PARIS (Reuters) - A man stripped to his underwear, his mouth covered with duct tape, hangs from an overpass - the brutal opening scenes of the movie kick-starting the main competition for the Cannes film festival.
True to the variety on offer at the influential jamboree, the second picture on Thursday began with a shot of a nubile young woman sunbathing topless on a beach, watched by a voyeur.
“Heli” by Mexican director Amat Escalante and “Jeune & Jolie” by France’s Francois Ozon were the first two of 20 films competing for the event’s coveted Palme D’Or award.
Director and jury member Ang Lee praised the diversity on offer at the 12-day event on the French Riviera.
“There are different political, social issues, different styles, (the) different charm and charisma of certain filmmakers,” said Lee, who won the 2013 Oscar for Best Director with his “Life of Pi”.
“I hope that there is something that just wows us. Something that we cannot even verbalize and we’ll all look at each other: ‘Oh my God, that’s a Palme d’Or!’ I hope that happens,” he told reporters on Wednesday night.
“Heli” tells the story of a family dragged into Mexico’s violent drug war through the unwitting actions of a 12-year-old girl in love with a young police cadet.
Escalante’s atmospheric shots of wide Mexican landscapes ultimately give way to stomach-turning scenes of torture.
“My characters suffer violent acts and as a result find themselves under tension,” Escalante said in an interview in the festival program. “In Mexico, everyone lives with a kind of fear in their gut.”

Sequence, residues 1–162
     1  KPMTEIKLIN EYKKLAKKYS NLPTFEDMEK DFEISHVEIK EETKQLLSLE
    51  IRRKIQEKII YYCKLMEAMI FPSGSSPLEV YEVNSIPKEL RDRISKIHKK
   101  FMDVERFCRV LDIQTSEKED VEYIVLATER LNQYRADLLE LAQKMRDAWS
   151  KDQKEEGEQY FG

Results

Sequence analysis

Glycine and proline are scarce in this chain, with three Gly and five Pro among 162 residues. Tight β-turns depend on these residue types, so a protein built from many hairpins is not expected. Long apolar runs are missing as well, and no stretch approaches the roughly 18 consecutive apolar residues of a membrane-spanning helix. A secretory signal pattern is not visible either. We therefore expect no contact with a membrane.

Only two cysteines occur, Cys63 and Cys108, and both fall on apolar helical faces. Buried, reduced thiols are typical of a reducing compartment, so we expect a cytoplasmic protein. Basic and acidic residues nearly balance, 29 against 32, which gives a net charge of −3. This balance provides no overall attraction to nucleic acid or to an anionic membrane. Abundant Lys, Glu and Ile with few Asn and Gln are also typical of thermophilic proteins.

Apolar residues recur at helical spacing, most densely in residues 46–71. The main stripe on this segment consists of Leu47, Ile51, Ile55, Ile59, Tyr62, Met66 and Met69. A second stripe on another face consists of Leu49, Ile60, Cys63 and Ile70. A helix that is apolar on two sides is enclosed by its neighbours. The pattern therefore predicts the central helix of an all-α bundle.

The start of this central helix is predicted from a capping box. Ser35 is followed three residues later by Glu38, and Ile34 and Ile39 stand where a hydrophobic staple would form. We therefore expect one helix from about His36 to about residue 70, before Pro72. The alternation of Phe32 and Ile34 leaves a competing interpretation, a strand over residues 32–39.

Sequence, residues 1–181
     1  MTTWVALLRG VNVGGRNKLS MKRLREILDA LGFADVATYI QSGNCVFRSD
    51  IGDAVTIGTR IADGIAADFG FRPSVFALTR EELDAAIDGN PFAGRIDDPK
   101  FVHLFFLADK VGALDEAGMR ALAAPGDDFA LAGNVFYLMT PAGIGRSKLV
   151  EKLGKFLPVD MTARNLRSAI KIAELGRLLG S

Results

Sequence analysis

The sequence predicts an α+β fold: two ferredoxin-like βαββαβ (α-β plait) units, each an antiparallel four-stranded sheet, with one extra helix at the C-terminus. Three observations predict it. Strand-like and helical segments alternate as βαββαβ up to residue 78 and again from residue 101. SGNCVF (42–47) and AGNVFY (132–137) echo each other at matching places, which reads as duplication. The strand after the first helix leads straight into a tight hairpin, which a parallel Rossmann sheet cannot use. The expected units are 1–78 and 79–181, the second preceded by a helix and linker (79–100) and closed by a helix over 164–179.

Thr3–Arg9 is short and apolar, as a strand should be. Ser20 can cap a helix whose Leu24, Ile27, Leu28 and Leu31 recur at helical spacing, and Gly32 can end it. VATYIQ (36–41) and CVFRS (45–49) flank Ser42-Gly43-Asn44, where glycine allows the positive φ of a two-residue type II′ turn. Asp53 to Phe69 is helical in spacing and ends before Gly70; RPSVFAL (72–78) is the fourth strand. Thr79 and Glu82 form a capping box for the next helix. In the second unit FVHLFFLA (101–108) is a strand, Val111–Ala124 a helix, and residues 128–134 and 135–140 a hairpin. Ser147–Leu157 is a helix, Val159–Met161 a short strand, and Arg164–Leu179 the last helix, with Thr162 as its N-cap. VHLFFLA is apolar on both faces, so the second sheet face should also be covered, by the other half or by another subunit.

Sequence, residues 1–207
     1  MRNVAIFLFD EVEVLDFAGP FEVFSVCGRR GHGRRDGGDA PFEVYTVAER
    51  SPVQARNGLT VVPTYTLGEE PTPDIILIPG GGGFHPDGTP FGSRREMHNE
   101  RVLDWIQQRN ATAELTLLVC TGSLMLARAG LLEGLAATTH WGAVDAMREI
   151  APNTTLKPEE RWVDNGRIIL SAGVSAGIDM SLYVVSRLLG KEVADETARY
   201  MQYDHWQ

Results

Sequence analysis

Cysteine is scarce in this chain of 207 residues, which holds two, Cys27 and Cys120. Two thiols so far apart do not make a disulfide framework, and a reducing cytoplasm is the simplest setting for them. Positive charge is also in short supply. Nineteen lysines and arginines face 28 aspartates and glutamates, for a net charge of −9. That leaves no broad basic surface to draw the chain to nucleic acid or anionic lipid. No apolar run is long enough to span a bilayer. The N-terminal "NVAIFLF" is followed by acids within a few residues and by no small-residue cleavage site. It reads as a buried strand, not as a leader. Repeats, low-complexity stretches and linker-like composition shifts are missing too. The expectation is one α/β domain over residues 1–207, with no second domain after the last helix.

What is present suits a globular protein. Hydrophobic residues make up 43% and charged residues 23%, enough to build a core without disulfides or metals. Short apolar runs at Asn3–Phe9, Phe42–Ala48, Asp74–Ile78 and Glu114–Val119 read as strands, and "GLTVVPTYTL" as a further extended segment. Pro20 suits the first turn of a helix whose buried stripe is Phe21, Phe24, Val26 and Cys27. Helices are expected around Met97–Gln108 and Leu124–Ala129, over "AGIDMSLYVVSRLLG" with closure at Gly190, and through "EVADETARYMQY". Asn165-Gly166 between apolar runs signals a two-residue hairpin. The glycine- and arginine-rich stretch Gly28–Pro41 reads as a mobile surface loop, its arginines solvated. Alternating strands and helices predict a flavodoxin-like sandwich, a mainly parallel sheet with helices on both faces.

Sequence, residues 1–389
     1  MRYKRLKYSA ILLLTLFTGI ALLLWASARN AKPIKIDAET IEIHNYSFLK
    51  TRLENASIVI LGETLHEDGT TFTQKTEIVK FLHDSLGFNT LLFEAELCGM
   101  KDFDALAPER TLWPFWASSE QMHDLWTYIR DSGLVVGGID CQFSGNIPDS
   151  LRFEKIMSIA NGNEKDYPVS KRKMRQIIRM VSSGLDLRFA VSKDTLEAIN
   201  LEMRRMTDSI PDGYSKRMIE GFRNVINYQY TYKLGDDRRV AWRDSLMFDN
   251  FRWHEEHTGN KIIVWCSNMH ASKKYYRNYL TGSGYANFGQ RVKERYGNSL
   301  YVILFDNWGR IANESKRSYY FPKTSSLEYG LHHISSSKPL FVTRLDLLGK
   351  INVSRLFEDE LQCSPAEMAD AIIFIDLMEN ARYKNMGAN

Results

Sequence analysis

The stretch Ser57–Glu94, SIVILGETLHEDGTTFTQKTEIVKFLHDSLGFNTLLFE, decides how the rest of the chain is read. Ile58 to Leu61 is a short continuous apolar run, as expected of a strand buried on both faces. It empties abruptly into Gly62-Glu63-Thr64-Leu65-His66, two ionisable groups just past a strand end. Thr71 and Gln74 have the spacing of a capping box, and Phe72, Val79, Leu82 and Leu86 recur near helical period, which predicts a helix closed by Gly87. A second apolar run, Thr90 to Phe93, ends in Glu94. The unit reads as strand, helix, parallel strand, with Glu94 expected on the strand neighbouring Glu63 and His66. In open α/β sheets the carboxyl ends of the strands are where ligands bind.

Ozon’s “Jeune & Jolie” is a coming-of-age film featuring actress Marine Vacth in nearly every scene, often nude.
We first see Isabelle, 17, with her well-heeled family on summer vacation, where she has sex for the first time with a young man. Months later, she has begun a secret life as a prostitute.
“The subject of the film is, above all, what is it like to be 17 years old and to feel your body transforming,” Ozon said in an interview.
“All of a sudden, you assault your body in order to feel something and push the limits. Prostitution was a way to get at this aspect,” he added.
This year’s lineup includes five U.S. movies, the highest number in six years, including Steven Soderbergh’s eagerly awaited “Behind the Candelabra” about pianist Liberace, and “Inside Llewyn Davis”, the Coen brothers’ look at the early Greenwich Village folk music scene.
The jury, including famed director Steven Spielberg, Australian actress Nicole Kidman and French actor Daniel Auteuil, will choose the main winner on May 26.
The festival opened on Wednesday night with a film not competing for the top prize - Baz Luhrmann’s glamorous “The Great Gatsby”.
Heavy rain did nothing to stop the fans clamoring for autographs from stars Leonardo DiCaprio and Carey Mulligan on the red carpet.
Reporting by Alexandria Sage; Editing by Andrew Heavens